Question to the Minister for Jobs, Enterprise and Innovation (Mr Richard Bruton, TD)
To ask the Minister for Jobs, Enterprise and Innovation if time spent on public holidays is required to be included when calculating the number of days to which an employee is entitled; and if he will make a statement on the matter. – Jerry Buttimer.
For WRITTEN answer on Tuesday, 8th July, 2014.
An employee’s entitlement to annual leave is set out in section 19 of the Organisation of Working Time Act 1997.
Subject to the exceptions/clarifications provided for in section 19, an employee acquires a legal right to 4 weeks annual leave if he or she works at least 1,365 hours in the year, or one-third of a working week for each month in the leave year in which he or she works at least 117 hours, or 8 per cent of the hours he or she works in a leave year (but subject to a maximum of 4 working weeks).
An employee’s entitlements regarding public holidays are set out in Section 21 of the Organisation of Working Time Act 1997 and the method of calculation of pay for both annual leave and public holidays is set out in the Organisation of Working Time (Determination of Pay for Holidays) Regulations 1997 – Statutory Instrument No. 475 of 1997.
Under section 21 of the Organisation of Working Time Act 1997, full-time employees have immediate entitlement to benefit for public holidays, and part-time employees have entitlement to benefit when they have worked a total of 40 hours in the previous 5 weeks.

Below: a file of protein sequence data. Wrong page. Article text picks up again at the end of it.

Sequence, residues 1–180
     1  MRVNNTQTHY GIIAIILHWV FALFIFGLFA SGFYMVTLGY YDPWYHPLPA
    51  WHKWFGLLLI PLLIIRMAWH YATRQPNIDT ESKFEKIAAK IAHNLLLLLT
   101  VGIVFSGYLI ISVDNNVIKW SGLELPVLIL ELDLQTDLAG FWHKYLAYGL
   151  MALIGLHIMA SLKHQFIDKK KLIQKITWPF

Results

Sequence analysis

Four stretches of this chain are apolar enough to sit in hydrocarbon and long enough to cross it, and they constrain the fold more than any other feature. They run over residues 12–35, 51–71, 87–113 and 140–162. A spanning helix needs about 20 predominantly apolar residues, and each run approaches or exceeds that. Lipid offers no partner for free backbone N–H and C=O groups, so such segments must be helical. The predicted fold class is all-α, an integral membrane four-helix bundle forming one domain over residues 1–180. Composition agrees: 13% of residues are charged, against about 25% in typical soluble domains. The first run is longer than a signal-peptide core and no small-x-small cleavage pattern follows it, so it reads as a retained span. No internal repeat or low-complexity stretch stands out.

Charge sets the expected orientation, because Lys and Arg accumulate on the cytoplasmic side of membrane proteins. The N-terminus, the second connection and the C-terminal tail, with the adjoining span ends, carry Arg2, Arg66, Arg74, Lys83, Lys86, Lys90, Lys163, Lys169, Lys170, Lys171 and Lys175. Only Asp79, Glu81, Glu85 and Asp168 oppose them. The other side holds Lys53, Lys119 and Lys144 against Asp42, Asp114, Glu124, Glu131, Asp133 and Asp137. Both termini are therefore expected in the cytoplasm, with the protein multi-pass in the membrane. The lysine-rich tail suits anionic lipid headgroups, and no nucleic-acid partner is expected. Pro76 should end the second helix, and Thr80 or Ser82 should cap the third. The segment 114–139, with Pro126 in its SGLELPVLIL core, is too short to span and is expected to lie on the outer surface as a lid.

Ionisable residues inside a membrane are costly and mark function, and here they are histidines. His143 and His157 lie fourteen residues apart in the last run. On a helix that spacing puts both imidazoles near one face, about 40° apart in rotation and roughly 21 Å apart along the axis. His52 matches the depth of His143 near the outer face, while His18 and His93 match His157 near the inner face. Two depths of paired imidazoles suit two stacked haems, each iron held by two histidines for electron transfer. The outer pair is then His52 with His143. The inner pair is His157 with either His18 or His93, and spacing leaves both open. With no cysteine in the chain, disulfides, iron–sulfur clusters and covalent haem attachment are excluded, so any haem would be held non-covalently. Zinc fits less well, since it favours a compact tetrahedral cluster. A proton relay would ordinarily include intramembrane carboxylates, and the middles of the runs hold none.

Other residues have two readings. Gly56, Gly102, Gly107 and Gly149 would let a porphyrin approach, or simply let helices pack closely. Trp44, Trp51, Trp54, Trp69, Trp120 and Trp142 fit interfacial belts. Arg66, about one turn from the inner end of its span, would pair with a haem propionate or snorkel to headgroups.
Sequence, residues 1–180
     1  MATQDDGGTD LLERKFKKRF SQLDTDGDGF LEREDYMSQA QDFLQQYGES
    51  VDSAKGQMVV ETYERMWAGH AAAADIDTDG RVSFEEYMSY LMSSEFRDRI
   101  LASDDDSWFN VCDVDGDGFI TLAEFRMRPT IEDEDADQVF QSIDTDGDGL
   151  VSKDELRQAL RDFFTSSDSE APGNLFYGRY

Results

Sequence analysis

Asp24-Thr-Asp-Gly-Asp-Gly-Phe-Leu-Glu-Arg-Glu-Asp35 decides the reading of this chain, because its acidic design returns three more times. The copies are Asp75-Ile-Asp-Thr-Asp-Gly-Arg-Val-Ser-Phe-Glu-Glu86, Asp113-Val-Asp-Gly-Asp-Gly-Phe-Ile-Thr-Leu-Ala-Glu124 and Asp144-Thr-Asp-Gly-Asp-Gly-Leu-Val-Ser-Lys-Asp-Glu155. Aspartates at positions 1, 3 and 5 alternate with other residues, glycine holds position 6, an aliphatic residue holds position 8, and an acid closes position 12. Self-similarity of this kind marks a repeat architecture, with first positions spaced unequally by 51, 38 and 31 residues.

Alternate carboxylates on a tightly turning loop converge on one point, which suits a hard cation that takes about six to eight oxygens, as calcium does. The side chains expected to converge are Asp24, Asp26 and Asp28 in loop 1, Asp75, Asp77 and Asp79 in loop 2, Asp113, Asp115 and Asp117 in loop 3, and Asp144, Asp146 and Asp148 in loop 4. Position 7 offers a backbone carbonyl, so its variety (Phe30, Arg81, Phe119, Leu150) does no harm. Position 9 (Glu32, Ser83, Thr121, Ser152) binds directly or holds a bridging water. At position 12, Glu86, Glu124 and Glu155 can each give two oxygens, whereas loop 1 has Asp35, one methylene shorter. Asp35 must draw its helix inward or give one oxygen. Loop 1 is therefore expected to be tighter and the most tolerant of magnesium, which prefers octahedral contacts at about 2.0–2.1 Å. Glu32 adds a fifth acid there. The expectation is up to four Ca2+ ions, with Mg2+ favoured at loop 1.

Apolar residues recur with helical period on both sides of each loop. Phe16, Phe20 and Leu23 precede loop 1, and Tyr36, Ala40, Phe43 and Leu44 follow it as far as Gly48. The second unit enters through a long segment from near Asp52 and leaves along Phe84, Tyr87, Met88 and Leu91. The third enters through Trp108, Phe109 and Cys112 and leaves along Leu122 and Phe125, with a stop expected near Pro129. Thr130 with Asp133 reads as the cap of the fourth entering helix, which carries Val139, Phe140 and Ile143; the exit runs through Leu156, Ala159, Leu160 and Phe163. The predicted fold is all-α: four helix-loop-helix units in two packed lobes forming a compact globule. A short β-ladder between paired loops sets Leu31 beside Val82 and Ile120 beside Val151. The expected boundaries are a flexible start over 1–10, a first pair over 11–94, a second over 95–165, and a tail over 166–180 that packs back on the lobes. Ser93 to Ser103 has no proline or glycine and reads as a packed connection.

When a person works on a public holiday he or she is entitled to be paid for the day in accordance with the agreed rates. In addition, he or she also has an entitlement to benefit for the public holiday. This can be different for each public holiday and each employee depending on the individual’s work pattern.
If the business is closed on the public holiday and an employee would normally be due to work then the employee gets his or her normal day’s pay.
If the business is open and an employee works, he or she is entitled to a paid day off within a month of that day or an additional day of annual leave or paid time off or an additional day’s pay.
If the public holiday falls on a day on which the employee does not normally work, then the employee is entitled to one fifth of his/her normal weekly wage.
Under section 22(2) of the Organisation of Working Time Act 1997, time off granted to an employee for annual leave or a public holiday must be regarded as time worked by the employee.
If required, further information on employment rights can be obtained from the National Employment Rights Authority’s dedicated information service – Workplace Relations Customer Service – which provides information to employers and employees on all aspects of employment rights. This service operates from 9.30 a.m. to 5 p.m. on weekdays and can be contacted on Lo-Call 1890 808090. Workplace Relations Customer Service also provides extensive information on employment rights on its website www.workplacerelations.ie.
Posted under Employment, Jobs Enterprise & Innovation, Parliamentary Questions